Experience connection


I love the feeling of going to the mountains. The static of life in the city fades away. The challenge of moving through rugged landscapes brings me out of my head and into my body. I love long days on the trail where time slows down and the Experience lives in my memory for years. I created the alpenflo project to share my passion for seeking an authentic life through outdoor Experience.

kit: fast and light backpacking

When I first started backpacking I had an 80 liter backpack and filled every nook of it. Multiple changes of clothes, heavy gear, and a lack of intention contributed to my backbreaking load. As I got more into trail running I discovered how much I enjoyed moving in the mountains with a light kit. It was time to reassess my backpack.

Any successful trip starts with having a clear sense of what experience you’re looking to have. This intention is something you can refer back to and test your decisions against. I’ve found that I really enjoy moving with a light pack and don’t miss the little luxuries while in camp. This is especially true on routes that involve long sections of off-trail travel, where a heavy pack is an awkward liability. I love being able to cover long miles with just enough gear to allow me to stay safe and comfortable. I find that when I’ve packed correctly I feel closely connected to my environment and I’m not distracted as I’m moving through it.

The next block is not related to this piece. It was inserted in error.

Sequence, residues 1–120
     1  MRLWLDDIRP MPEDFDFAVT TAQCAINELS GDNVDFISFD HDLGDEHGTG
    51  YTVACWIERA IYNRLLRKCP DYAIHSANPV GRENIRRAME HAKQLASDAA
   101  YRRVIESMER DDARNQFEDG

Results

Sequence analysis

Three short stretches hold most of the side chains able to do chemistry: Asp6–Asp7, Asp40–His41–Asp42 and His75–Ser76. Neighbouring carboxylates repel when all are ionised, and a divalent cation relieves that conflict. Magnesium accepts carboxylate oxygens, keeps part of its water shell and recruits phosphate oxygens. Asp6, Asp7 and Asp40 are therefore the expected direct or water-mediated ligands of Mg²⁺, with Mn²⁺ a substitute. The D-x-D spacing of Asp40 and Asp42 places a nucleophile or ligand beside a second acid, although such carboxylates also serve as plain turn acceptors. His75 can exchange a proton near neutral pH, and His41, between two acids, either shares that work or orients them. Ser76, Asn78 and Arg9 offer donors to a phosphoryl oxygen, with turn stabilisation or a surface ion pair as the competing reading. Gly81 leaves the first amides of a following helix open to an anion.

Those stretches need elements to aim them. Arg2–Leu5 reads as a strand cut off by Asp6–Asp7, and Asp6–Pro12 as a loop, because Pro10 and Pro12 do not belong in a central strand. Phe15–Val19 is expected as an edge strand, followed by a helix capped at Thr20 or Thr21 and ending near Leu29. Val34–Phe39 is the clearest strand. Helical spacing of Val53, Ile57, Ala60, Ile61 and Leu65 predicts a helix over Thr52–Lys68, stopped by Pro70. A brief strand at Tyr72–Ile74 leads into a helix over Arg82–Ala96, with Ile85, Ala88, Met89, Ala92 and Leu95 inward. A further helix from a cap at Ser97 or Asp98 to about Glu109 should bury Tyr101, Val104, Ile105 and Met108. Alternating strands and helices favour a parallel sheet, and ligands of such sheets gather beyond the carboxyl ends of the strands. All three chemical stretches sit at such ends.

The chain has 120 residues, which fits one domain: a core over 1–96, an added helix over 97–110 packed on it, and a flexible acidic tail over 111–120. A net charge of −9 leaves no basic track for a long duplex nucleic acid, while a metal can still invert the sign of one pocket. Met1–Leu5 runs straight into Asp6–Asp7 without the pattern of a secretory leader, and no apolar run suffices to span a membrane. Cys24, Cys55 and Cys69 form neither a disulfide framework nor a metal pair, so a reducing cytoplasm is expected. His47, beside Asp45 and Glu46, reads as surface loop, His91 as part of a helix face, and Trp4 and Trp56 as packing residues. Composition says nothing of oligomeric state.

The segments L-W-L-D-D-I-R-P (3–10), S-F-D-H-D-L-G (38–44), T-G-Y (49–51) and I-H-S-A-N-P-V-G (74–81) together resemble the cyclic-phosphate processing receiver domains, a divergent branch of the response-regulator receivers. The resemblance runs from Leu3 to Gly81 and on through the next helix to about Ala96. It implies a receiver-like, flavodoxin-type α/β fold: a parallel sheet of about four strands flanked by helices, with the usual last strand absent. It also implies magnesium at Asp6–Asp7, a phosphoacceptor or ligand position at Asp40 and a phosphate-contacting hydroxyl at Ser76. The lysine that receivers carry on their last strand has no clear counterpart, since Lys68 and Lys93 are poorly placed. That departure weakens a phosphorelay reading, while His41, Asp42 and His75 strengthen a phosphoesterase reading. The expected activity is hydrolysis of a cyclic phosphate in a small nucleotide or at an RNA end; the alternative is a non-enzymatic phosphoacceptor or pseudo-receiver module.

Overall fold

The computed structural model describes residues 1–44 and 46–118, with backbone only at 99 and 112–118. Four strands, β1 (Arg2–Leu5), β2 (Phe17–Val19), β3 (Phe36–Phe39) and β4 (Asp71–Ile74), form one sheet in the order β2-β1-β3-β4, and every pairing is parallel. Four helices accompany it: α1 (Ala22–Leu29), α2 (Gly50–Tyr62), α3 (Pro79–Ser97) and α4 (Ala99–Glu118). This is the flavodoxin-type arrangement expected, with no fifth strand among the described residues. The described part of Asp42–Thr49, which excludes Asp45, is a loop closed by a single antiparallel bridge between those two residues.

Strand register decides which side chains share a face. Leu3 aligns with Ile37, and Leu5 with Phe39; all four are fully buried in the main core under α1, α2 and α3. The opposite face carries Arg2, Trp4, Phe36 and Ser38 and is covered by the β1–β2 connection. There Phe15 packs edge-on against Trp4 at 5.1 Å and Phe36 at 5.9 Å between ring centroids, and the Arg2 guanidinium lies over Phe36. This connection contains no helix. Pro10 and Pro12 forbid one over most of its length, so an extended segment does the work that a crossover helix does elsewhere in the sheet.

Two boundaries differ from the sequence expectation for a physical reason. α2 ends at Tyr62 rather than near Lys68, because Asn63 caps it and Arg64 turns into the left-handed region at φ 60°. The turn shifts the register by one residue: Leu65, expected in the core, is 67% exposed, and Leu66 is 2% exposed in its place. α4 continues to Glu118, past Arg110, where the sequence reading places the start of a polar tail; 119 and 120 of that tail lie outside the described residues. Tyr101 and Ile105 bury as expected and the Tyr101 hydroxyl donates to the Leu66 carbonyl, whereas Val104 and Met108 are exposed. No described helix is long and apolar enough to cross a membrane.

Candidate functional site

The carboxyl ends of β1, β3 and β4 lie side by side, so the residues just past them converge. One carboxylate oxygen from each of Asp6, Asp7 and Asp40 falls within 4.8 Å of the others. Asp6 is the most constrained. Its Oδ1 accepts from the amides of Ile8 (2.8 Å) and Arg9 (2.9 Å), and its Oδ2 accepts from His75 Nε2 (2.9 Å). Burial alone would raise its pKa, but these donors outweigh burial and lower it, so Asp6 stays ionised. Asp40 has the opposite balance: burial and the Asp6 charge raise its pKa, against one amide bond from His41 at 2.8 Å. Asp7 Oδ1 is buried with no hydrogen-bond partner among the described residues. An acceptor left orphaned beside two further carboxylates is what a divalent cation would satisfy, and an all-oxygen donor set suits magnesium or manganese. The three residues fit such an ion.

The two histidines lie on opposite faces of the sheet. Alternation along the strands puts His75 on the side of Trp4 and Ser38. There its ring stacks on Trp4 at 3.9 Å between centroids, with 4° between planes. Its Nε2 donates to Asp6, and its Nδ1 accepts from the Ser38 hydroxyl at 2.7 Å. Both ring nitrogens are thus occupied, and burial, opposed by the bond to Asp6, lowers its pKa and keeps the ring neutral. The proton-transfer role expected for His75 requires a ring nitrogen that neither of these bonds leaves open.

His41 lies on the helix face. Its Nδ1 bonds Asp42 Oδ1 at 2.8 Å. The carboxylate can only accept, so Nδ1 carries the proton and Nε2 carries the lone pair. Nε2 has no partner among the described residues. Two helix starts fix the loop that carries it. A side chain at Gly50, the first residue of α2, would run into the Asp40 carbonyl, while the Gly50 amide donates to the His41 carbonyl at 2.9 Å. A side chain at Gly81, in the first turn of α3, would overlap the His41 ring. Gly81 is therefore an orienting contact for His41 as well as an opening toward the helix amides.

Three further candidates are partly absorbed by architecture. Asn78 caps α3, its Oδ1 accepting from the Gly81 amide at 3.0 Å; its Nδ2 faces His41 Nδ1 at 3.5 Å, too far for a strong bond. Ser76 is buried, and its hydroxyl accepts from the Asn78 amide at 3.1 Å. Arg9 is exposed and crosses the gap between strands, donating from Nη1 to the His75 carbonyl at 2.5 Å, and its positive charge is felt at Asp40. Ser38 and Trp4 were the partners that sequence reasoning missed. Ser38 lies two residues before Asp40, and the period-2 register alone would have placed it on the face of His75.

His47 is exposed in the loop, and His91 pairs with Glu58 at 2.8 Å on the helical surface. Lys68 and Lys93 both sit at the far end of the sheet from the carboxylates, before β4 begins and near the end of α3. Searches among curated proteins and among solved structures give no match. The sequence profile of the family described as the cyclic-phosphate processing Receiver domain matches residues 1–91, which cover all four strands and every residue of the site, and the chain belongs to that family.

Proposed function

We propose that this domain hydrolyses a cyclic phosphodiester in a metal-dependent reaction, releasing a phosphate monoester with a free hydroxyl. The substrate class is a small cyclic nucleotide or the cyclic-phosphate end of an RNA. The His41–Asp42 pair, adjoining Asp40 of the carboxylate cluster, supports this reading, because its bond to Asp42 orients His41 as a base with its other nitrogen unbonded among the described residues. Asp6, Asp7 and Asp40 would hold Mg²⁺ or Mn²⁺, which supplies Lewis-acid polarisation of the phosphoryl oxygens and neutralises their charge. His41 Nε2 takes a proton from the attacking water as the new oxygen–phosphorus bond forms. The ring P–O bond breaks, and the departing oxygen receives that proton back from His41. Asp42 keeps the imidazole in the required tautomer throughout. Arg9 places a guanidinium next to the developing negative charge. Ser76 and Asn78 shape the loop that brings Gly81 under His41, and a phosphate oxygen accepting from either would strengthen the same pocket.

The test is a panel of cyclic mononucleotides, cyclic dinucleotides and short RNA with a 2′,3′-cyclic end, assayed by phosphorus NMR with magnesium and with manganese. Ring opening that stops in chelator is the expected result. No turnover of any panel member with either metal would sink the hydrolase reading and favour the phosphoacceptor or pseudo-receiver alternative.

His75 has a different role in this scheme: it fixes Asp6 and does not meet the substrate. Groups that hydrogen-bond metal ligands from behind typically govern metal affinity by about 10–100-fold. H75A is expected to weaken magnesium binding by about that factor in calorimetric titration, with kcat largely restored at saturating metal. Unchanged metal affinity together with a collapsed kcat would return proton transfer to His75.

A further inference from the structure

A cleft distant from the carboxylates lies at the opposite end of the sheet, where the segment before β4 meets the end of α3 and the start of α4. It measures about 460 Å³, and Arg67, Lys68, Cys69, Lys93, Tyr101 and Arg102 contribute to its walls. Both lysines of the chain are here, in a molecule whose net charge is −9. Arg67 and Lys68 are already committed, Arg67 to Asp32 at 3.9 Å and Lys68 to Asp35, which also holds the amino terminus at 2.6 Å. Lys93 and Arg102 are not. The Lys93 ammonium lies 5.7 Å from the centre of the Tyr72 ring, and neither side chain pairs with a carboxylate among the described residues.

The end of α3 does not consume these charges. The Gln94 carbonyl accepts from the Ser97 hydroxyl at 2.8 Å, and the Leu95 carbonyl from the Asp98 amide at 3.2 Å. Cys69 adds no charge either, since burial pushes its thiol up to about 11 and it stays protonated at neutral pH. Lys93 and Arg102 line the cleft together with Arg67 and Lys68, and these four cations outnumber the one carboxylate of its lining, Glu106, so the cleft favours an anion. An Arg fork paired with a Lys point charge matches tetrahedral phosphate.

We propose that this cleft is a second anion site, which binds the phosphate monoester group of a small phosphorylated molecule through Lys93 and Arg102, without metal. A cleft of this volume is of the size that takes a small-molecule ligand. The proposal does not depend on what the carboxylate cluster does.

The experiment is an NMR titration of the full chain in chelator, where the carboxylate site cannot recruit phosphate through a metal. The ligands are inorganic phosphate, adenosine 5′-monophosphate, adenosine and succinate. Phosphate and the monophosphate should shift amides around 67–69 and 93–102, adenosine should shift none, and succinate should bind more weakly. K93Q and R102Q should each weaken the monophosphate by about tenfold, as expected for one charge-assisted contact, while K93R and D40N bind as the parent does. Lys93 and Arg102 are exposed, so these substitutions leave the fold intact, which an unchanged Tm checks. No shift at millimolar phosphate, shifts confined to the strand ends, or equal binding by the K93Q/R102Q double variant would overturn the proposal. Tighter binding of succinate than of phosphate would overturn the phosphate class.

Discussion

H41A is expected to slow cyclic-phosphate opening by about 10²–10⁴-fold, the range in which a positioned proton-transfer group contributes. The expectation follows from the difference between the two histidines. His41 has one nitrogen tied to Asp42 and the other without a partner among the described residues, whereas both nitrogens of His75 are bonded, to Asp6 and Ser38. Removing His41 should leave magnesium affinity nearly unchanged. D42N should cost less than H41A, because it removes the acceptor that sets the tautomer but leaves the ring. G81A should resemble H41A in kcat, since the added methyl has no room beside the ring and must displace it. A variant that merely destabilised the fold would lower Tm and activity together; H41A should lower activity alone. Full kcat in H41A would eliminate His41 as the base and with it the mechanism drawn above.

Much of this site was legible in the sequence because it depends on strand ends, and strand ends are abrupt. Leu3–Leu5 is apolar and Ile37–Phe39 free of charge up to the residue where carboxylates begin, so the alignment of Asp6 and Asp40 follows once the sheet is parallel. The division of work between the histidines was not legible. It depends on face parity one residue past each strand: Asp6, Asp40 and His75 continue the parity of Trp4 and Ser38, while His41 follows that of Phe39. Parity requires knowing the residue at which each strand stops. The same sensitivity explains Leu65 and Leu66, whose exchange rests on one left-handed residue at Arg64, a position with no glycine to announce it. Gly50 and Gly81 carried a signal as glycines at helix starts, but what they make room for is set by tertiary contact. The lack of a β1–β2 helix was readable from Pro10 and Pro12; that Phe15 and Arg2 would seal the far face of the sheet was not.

I made this video to show you the gear I use for a light backpacking trip, and how I pack it. See below for a full packing list.

Packing list: Light Backpacking



  • microspikes (trip dependent)

  • pack (CiloGear 3030 Worksack)

  • headlamp

  • sunglasses

  • water filter

  • water bottle (trip dependant)

  • trekking poles

  • map (printed)

  • map (downloaded to phone)

  • sunscreen

  • personal - toiletries, camera, journal

  • toilet paper and hand sanitizer


Don’t forget the food! I’ll write an article on food selection soon. In the meantime, for high-output trips I target 3,000 calories a day of oatmeal, nut butters, meal bars, and freeze-dried backpacker meals.

Backpacking is pretty simple when you get down to it. Consider your intention for your trip, the conditions you’re likely to encounter, and carry the equipment you need to support that experience. Experiment with your kit, and cut out items that aren’t serving you as you gain experience. You’ll likely find that you’re more comfortable with less, as the modest cost in camp comfort pays huge dividends on (and off) the trail.